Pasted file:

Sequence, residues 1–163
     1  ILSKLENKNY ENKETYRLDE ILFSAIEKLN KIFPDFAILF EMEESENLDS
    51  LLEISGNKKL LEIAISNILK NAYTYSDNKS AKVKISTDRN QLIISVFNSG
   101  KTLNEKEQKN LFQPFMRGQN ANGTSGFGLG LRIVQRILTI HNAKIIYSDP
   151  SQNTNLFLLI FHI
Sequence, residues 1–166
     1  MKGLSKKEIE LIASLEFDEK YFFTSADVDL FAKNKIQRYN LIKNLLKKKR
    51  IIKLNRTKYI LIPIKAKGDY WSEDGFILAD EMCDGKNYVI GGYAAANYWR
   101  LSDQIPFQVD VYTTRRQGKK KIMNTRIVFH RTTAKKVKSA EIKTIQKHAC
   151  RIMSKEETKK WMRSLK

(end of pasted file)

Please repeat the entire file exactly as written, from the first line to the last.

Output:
Sequence, residues 1–163
     1  ILSKLENKNY ENKETYRLDE ILFSAIEKLN KIFPDFAILF EMEESENLDS
    51  LLEISGNKKL LEIAISNILK NAYTYSDNKS AKVKISTDRN QLIISVFNSG
   101  KTLNEKEQKN LFQPFMRGQN ANGTSGFGLG LRIVQRILTI HNAKIIYSDP
   151  SQNTNLFLLI FHI
Sequence, residues 1–166
     1  MKGLSKKEIE LIASLEFDEK YFFTSADVDL FAKNKIQRYN LIKNLLKKKR
    51  IIKLNRTKYI LIPIKAKGDY WSEDGFILAD EMCDGKNYVI GGYAAANYWR
   101  LSDQIPFQVD VYTTRRQGKK KIMNTRIVFH RTTAKKVKSA EIKTIQKHAC
   151  RIMSKEETKK WMRSLK